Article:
"Du Rififi a Paname", what does this mean? Rififi, coined by Jules Dassin, means violent conflict, and Paname is slang for exotic Paris. This movie shows gang conflicts in Paris, and then the American mob, represented by George Raft, shows up.
Gabin is smuggling gold from Paris to Tokyo, where the price is much higher. This is 1966 when there was no open market in gold. He also works closely with Gert Froebe, who has his own smuggling operations to Cuba and other places. Another gang is moving in on them both. Gert is willing to abandon the gold business, but Gabin is stubborn. He fights back at the gang moving in.
Adding some spice is Froebe's faithful and loving wife, Nadja Tiller, who nevertheless has a yen for Gabin, who is more interested in business.
Adding even more spice is that early on there is a U.S. Treasury agent who has managed to worm his way into Gabin's confidence and become his bodyguard with reliable Marcel Bozzuffi. While Gabin is trying to survive, the agent provides another focus as he tries to get vital information about the organization from Froebe.
The conflict in Paris is out of hand and the American mob has decided it wants its cut, so Raft shows up to lead a sit down meeting. Gabin, speaking English, is fierce at his rivals in the same room, one of whom can recognize his bodyguard -- if he sees him. Several elements of suspense going on at the same time.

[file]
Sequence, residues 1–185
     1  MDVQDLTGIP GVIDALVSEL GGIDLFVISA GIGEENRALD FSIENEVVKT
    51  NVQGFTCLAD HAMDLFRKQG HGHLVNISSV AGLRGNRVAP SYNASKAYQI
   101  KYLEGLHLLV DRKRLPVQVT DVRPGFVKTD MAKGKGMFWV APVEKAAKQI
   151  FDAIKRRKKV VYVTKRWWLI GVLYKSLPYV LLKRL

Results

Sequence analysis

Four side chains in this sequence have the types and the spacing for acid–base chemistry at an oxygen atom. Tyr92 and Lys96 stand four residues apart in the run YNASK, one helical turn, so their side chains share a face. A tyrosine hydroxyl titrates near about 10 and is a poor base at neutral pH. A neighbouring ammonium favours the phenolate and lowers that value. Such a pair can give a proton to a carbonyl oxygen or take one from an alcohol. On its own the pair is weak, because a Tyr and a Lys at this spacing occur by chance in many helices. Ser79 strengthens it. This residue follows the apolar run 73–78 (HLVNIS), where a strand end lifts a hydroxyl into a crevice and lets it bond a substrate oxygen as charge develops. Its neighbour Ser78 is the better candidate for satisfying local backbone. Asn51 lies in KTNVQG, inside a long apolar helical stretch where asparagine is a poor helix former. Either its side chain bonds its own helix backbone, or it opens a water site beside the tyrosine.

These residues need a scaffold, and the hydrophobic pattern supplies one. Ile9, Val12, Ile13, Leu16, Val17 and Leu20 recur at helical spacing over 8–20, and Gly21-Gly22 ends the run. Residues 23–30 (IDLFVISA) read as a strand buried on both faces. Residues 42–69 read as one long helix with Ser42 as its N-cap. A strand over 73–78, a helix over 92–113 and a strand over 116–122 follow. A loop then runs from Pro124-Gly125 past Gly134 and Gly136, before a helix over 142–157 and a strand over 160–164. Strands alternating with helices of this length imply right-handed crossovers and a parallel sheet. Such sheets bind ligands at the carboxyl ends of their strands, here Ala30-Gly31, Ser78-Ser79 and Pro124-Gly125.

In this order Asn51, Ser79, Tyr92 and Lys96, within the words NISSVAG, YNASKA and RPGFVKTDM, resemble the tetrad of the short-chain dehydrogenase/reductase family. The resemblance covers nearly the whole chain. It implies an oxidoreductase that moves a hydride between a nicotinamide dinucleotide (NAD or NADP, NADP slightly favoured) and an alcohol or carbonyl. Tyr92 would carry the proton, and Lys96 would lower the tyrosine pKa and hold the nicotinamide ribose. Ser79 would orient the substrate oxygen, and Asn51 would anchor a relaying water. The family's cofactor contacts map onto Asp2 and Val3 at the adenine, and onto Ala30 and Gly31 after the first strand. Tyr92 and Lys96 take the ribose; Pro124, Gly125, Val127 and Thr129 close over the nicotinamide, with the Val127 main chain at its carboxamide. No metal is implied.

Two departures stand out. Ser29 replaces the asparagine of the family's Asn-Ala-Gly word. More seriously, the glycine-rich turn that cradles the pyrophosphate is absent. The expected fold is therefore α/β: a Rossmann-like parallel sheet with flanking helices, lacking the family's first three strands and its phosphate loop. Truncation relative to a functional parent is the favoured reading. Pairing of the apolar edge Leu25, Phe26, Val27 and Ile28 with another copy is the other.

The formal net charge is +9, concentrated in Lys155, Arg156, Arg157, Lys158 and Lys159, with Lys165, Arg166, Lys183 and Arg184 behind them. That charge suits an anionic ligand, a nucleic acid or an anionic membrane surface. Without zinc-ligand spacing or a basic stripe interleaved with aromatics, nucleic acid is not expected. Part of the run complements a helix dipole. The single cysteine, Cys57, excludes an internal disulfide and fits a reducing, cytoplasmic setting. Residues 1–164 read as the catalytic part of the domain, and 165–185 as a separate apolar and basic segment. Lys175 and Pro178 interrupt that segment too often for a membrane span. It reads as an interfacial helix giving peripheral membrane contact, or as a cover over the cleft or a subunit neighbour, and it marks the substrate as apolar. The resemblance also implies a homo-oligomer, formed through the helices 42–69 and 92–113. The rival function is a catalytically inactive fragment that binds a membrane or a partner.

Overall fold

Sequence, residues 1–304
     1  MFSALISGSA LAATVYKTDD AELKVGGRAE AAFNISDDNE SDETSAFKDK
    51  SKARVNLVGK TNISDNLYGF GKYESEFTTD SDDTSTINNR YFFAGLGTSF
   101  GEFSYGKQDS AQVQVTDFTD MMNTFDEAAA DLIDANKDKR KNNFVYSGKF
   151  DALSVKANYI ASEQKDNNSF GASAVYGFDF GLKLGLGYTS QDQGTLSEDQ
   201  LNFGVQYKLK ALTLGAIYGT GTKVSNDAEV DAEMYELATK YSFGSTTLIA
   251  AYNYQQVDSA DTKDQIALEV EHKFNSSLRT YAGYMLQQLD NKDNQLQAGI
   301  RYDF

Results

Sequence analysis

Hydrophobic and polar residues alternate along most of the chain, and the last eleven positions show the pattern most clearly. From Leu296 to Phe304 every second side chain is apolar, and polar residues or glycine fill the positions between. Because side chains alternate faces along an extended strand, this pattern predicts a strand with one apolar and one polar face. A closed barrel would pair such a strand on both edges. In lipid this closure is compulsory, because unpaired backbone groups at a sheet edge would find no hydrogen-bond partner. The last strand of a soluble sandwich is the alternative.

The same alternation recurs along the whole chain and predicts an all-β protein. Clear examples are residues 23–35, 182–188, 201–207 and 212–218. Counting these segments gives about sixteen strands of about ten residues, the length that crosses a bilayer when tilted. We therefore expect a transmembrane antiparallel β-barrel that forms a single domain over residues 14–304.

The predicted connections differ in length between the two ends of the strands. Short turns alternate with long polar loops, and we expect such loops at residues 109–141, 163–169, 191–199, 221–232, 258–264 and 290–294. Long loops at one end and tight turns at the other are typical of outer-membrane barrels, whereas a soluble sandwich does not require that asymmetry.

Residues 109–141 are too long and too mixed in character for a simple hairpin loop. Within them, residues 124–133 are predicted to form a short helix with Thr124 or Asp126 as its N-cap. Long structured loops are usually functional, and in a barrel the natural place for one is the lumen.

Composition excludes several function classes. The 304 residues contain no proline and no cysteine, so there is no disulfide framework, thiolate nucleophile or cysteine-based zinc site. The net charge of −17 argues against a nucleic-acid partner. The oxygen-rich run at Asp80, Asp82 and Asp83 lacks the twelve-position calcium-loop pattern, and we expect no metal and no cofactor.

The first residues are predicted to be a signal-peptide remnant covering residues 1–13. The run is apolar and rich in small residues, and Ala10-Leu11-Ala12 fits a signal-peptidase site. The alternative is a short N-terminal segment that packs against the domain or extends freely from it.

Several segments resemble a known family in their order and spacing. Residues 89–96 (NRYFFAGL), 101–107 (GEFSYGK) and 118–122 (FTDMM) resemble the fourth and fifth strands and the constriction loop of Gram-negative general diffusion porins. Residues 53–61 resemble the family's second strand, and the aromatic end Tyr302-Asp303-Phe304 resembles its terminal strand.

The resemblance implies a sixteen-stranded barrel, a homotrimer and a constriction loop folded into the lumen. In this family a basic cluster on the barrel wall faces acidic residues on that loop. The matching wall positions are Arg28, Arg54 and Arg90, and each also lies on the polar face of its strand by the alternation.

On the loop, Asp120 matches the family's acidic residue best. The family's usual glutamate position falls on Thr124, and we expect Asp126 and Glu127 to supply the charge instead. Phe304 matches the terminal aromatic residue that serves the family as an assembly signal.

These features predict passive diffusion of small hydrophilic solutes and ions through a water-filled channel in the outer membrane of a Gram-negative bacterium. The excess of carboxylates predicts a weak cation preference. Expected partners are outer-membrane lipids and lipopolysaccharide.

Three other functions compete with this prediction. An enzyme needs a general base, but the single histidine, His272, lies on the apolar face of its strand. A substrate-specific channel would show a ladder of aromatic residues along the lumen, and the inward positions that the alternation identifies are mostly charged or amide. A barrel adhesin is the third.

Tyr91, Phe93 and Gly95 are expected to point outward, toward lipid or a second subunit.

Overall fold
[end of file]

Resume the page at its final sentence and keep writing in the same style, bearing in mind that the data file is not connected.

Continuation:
One of the more memorable scenes in the picture is a death scene played by Froebe. Gabin's determination is also memorable. Bozzuffi always makes his mark, as does Raft. I do not know the name of the actor who played the agent, Mike Thompson. He was suitably cool, alert and calculating.
In color, we get a glossy look at gang rivalry over territory and profitable business. It makes for an entertaining crime movie package. It's hardboiled but yet in a kind of gentlemanly way that relieves the toughness with elements of the ordinary.
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